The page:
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FILMMAKER INTERVIEW: Martha Stephens

INTERVIEW WITH: Martha Stephens

martha stephens pilgrim song southern film

INTERVIEW BY: Natalie Elliott

Here’s the debut installment of our upcoming series spotlighting the nominees for our “Best Southern Film Award” at the Little Rock Film Festival. Stay tuned for more on all the films and their amazing directors. 

Pilgrim Song, the sophomore feature film by the Kentuckian Martha Stephens (her first film was 2010’s Passenger Pigeons), opens with the gym-shoe squeaks of a faculty-student basketball game. Our main character, James (played by Timothy Morton) with his furl of orange-red hair and wraparound athletic glasses, sits on the bench, sucking down water and generally looking jittery, apprehensive. He’s soon called into the game. He misses his shot as the buzzer sounds. He’s choked, and as we’re soon to discover, this is a pervading theme of the movie.

James Morton is a middle-school music teacher in rural Kentucky. He gets laid off due to budget cuts and decides to navigate his life crisis by schlepping the Sheltowee Trace. To any Southern man, and most outdoorspeople in general, it’s a familiar rite of passage: Need to get it together? Get back to nature.

In the days preceding his journey, he grows even more distant from his long-term girlfriend, Joan. Her bungled attempts to connect with James are painful on both sides; the first time I watched the film I was annoyed with her and sympathetic toward his existential dilemma. On the second viewing, I understood that he was an incredible jerk. (This is a movie that rewards careful viewing.)

pilgrim song southern film

When James sets off on the trail, we’re greeted with a montage of foliage, waterfalls, rock formations, and spider webs rippling in the breeze. It appears, at first, like a true naturalist’s take on self-transformation, except director Stephens doesn’t make it so easy. James gets sidetracked from the trail, further and further—first by a pretty country girl at an old-time barn dance, then by a colorful pot-smoking park ranger, and finally by a metal-head single dad and his likewise lonely son, Bo, whose unexpected affinity for James draws him very reluctantly into a relationship with them.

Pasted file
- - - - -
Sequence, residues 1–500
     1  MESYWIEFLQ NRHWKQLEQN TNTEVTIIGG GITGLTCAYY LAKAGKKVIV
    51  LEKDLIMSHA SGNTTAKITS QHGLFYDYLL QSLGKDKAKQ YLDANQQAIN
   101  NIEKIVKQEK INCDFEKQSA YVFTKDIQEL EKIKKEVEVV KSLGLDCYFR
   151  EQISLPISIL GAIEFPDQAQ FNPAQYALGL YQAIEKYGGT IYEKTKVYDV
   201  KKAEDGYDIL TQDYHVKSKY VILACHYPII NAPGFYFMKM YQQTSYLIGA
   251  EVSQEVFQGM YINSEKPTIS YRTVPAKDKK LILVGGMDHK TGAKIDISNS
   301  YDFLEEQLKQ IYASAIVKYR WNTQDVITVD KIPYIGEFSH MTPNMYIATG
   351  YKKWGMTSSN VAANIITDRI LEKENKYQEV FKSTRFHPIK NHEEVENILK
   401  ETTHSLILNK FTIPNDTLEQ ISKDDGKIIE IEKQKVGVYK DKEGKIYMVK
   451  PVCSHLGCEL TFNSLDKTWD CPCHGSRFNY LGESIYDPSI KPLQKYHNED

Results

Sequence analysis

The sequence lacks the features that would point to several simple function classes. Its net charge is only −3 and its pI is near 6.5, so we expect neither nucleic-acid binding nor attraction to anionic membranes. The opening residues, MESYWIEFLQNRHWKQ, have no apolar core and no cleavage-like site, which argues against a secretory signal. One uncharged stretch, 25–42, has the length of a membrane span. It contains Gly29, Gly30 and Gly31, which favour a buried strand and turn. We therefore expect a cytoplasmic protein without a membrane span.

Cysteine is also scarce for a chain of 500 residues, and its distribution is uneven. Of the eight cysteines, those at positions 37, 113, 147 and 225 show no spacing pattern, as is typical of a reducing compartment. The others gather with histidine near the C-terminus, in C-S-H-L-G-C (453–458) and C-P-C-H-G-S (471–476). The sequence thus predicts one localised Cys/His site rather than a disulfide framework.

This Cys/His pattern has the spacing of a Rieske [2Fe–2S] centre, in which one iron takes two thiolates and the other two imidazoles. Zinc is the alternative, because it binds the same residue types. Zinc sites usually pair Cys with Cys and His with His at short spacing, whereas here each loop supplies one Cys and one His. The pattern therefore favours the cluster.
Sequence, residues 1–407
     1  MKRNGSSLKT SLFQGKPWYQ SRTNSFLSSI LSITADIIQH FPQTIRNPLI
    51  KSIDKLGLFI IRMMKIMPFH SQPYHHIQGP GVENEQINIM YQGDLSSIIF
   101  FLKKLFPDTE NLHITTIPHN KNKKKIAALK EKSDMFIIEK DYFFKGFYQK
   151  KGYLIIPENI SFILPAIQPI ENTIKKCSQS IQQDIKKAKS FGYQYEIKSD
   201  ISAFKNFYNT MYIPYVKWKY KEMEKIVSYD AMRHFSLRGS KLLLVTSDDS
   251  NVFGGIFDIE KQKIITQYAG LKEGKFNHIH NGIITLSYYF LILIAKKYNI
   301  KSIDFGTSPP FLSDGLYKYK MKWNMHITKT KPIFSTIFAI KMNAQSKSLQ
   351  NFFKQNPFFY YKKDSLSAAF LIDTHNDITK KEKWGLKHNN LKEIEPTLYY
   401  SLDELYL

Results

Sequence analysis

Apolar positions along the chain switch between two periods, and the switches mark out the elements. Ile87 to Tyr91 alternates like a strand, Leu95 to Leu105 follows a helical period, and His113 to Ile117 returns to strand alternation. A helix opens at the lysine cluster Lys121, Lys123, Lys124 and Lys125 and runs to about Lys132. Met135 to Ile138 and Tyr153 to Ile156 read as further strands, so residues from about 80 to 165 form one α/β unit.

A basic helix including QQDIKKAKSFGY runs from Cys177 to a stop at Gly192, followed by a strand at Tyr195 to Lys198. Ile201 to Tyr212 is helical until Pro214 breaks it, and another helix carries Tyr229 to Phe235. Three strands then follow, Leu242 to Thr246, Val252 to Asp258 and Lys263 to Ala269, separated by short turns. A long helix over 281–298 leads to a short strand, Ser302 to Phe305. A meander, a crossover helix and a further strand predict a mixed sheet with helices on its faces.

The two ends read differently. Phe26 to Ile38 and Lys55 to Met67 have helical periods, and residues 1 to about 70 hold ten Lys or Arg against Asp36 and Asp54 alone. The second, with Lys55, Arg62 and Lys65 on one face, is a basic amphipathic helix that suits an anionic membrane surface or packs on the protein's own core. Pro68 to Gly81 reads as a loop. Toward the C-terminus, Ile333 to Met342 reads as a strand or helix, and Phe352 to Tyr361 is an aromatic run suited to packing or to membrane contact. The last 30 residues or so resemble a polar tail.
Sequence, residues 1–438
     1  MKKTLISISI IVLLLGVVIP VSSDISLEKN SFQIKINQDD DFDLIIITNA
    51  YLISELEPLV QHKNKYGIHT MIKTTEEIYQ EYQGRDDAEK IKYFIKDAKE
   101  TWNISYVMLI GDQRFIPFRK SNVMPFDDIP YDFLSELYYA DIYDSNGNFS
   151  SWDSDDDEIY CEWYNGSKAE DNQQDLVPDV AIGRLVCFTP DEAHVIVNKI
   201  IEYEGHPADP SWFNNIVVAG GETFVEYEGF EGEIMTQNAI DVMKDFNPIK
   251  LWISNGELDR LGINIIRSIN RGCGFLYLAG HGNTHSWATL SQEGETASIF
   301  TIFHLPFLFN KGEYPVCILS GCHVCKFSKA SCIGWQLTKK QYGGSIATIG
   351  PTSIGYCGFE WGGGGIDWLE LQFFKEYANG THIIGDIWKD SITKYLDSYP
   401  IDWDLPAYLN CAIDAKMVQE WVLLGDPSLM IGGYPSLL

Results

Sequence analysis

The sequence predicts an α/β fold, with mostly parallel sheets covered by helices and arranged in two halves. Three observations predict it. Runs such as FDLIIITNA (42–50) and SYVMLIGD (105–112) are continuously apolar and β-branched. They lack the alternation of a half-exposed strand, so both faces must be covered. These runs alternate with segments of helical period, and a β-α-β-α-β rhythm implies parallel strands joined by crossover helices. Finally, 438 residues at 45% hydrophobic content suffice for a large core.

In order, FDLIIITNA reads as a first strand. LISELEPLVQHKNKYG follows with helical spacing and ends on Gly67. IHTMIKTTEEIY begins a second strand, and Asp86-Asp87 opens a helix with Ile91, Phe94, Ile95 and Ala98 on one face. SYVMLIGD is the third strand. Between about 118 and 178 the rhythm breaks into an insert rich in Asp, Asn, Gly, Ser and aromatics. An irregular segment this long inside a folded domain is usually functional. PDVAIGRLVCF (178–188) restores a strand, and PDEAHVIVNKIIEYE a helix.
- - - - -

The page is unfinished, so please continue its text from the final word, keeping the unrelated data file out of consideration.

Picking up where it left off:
It’s a subdued film, equal parts indulgent verdant tableaux and understated, awkward jokes. It’s also a personal story told through a slightly dislikable but empathetic everyman, one whose desire to recoil from all he knows and inability to do so completely is a wholly human feeling.

Stephens manages to take this fable of futility and couch it in the lush greenery of the Kentucky landscape, which she populates with locals, Southern music, and careful juxtapositions between fading traditions and new ones—or a pairing of the two.

Most shots, especially outdoor scenes, feel like they were planned for months, down to the last detail, down to the box turtle shuffling resolutely beside James on a rock. The film is buoyed by the ultimate mood-maker—omnipresent music, whether hymns, singer-songwriters, metal thrashing, or chirping crickets. Pilgrim Song is so clean in its intentions, so taut in its execution, and bursting with so much heart, it can only portend more wonderful films to come from a gifted and ambitious young director.

best of the south film

Needless to say, we congratulate Martha Stephens and her crew on winning "The Oxford American Best Southern Film 2012" honor which was handed over to her at this year’s Little Rock Film Festival (by the way, we expect even more artistic growth and great films from Stephens). Below, carried over from some conversations begun during her visit to Arkansas, we chat with her about her precarious scriptwriting process, her dauntless incorporation of Southern imagery, and what she fears are her shortcomings as an up-and-coming filmmaker.

 


 

THE OXFORD AMERICAN: Music is a huge element of this film—James is, of course, a musician, but even the silences are filled with birdsongs and insects chirping. There also seems to be a lot of original music supplementing the score. Can you talk a little bit about your relationship with music, your thoughts on music’s relationship to film, and reveal a little bit about the songs featured in the movie? 

MARTHA STEPHENS: Growing up in the sticks, music was a way for everyone in my family to be transported to some other place, some other time. Even my ancestors used music as a way to escape the doldrums of sharecropping and hard labor. Music was their therapy and entertainment. From my grandmother’s weathered voice teaching me traditional mountain songs, to stories of my mother’s girlhood in an Eastern Kentucky hollow, hiding under her covers at night with a brownie radio humming soul music from a station in New Orleans. Even at the age of five, I recall being snuck into my brother John’s speed-metal show in Ironton, Ohio, when he was supposed to be babysitting me. His band was called Erotic Mary, and I witnessed girls with teased hair and pale pink lipstick scream his name. Music is at the heart of many fond memories—a way to suspend time and break the imposing constraints life deals us.